crew died out, my relationship with Smith seemed to get stronger. He denied every rumor that he and Shayna had anything going on, and because I was so caught up with the idea of having sex with a grown man I let it go. We began spending every day together. After class I was the chick in his front seat sneaking out of the campus parking lot. Before I knew it a year had passed and the relationship I developed with this man became more than just lust. We had sex every day. I began spending the night with him, skipping school, lying to my friends and family just to keep this whirlwind romance a secret. The first time I got caught with Smith, we had spent the evening watching “our” favorite show and eating Cookout. We pulled up in front of my house acting as if it were normal that my teacher was dropping me off. We didn’t realize that my dad was sitting in the basement with the lights off, waiting for me to come in. I saw Daddy’s 6’4” frame walking across the driveway. I froze. How would I explain? “Go inside,” Daddy said. After that, Smith made sure to drop me off at the top of the hill near my house. My stories were always perfect: “Oh, I have late band practice.” Or my favorite, “Daddy, I was with Davaun.” He was my best friend so I knew I could put some lies off on him. My mom hasn’t had anything to do with me since middle school. She sleeps in the back room alone, ignoring the family, so I knew if I came in late she would never say anything. My daddy always worked late so I worked my sex schedule around his work schedule. If Dad got in from his first job
at 6, I would still be at practice. He was asleep before I got home because he had to be at his second job by 2:30 a.m. He would leave for work never realizing I wasn’t home. Between the end of senior year and the beginning of freshman year at college it all came out. After falling in love with this man and almost becoming his sexual guinea pig, I was hit with the truth. Smith and Shayna had been a couple the entire time. One night I asked Smith about his relationship with Shayna. He had always denied it; that night he told me they had had sex. I remember finding the Valentine’s card she got him, or their text messages. I’ll never forget the night I found a used condom under the bed. “It was left there from the last time we had sex,” he told me. How could I have been so stupid to not realize that we were fighting for the affection of the same man? How could I have been stupid enough to continue when the truth came out? I guess after Shayna and I fell out, I was able to be alone with Smith like I’d always wanted, but when I wasn’t with him she was. He eventually told her the truth about us, she still doesn’t know about the abortion. His bitch ass was probably too scared to admit that part. You’re probably wondering what was going through my mind at 17. How could I let something like that happen? I think I needed the attention. Maybe it’s the “middle child syndrome” or growing up with a mentally abusive mother. I always felt alone at home. I was constantly fighting with my mom. Her favorite saying was, “You just like ya damn sister!”
n See JESSICA MARTIN Page 6
Campus Echo WEDNESDAY, APRIL 13, 2011
VER SI T Y
A GIRL’S HERO TURNS TO DRUGS Her perfect world comes crashing down when she discovers her dad is a cocaine addict BY SHATIRA SIMPSON
itting in the room with the man I loved the most, I wondered why he had lain curled up for three days. I knew he would come around soon. I asked him was there anything I could do to make him feel better. He asked if I could make his medicine for him. I said, “Of course,” and he handed me a razor. He told me to chop back and forth through the powdery substance for two minutes. Years later, I found out that the powdery substance I had played with at age 7 was cocaine. My perfect world came crashing down when I found out that my daddy was addicted to cocaine and had been for years. Never in a million years would I have thought this would happen to me. My daddy was a perfect man in my eyes. Yes, he had days when he was falling asleep behind the wheel, but I always thought it was because he worked late nights. I will never forget how he left my mom and me in Disney World. We had gone there for a week as a family to celebrate my tenth birthday. I was so happy to have my mom and dad with me. My dad left us in Disney World Thursday night because of a “stomach virus” he was having. I cried so hard because I could not understand how he could leave, knowing how much his presence mattered. Besides, I was terrified of flying, and my dad was the only person who made me feel safe. Sunday morning rolled around and it was time to leave Disney World. I cried the entire flight, screaming, “I want my daddy!” My mom tried to calm me down, but I only wanted to see my dad. I had lived with my dad since I was 4. I told my mom that I would rather live with my father, not imaging he could ever betray me. My father was once a good man. At one point, he had himself together. He would take me and my friends to “Jeepers,” a place like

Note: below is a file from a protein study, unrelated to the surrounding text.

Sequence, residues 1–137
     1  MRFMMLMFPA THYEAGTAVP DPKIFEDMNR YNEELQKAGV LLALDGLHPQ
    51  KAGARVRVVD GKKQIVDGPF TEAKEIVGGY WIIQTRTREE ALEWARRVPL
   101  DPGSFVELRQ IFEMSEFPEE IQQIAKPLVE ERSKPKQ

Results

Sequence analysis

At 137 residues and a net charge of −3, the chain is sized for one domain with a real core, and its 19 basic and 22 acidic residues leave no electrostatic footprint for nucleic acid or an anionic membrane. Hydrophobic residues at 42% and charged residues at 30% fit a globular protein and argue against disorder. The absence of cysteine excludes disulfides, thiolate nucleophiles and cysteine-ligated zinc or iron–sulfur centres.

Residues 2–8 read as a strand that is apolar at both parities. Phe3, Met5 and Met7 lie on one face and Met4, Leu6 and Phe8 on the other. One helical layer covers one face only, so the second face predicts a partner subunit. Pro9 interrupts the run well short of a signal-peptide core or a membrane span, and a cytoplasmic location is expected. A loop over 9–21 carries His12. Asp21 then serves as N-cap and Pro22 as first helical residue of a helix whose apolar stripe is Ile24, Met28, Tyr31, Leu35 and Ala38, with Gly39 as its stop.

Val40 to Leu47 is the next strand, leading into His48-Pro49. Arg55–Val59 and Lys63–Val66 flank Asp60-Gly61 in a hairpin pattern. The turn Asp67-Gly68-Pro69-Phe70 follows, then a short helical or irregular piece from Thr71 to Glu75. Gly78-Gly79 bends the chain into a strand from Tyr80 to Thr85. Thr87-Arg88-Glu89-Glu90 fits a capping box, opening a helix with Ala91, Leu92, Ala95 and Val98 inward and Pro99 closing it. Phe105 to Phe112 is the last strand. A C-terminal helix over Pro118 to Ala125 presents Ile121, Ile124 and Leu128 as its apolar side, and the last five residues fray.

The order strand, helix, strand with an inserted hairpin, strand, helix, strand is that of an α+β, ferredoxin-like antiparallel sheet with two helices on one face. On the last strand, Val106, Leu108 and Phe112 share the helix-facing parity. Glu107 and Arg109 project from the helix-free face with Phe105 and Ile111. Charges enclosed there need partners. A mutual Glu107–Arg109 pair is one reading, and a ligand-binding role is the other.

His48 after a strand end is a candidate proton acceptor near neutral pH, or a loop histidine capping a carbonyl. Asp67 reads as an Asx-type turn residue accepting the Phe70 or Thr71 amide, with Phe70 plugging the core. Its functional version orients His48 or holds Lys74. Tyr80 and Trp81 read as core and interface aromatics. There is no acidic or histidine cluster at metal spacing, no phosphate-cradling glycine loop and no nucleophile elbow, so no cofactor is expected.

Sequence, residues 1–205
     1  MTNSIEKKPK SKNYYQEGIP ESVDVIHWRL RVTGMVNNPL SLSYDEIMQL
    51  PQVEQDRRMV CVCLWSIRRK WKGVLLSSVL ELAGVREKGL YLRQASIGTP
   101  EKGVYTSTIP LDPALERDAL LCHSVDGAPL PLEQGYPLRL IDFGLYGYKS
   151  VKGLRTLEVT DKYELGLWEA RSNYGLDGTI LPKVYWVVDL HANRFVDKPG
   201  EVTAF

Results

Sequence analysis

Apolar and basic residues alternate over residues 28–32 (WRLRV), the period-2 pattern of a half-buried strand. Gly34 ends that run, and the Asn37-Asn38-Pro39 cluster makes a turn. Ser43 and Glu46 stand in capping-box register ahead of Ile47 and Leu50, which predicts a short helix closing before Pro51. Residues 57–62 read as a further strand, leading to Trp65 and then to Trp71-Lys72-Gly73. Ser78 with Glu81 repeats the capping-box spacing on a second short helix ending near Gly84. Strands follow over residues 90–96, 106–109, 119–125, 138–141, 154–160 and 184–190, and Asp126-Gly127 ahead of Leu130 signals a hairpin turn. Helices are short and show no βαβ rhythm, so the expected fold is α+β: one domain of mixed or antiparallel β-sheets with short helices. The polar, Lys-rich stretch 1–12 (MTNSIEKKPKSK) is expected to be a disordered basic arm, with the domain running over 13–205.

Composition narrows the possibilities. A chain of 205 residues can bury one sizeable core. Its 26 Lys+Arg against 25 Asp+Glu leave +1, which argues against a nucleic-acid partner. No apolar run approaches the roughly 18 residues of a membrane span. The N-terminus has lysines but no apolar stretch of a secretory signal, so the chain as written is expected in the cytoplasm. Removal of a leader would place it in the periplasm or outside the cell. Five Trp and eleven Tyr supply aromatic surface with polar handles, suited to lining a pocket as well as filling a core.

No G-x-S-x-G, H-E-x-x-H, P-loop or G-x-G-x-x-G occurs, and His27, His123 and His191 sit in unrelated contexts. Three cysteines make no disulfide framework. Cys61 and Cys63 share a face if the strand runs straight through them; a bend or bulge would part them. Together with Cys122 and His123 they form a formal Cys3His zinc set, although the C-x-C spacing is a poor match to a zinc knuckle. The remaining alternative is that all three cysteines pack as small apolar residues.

My dad left us in Disney World ... because of a “stomach virus” he was having. ... I could not understand how he could leave, knowing how much his presence mattered. Chuckie Cheese for older kids. We would order all the pizza we wanted and he would gladly pick up the check. Anything to satisfy his baby girl. Other times, we would sit up all night watching “WWE Raw,” rooting for our favorite wrestlers. Everything went downhill when he began messing with Missy. I will never forget this bitch. I believe she is the reason my dad is so far gone on cocaine. When she came along, I was just about to start middle school. I began to notice things I had never noticed before: how he nodded off just about every night as we drove to pick up my grandmother from work. Before, when he was nodding off while driving, he would laugh as if it was a joke. I am not sure if things became clear to me because I was older or if he just became so careless that I couldn’t help but notice. Before Missy, my dad was freespirited. It was rare for him to be caught doing nothing. He would run up and down the street with me. He sprayed me and my friends with the hose during the summer days and was like a neighborhood dad to everyone. He and my mom even got along during this time. They broke up shortly after we came back from Disney World. My mom could not deal with his lifestyle and had finally had enough. She had always known he was on drugs, but stayed with him because she wanted a better life for me. I guess things just took a toll and she could no longer stand to look at my father. She moved into her own apartment — but she was always there for me when I needed her. And my mom and dad remained friends for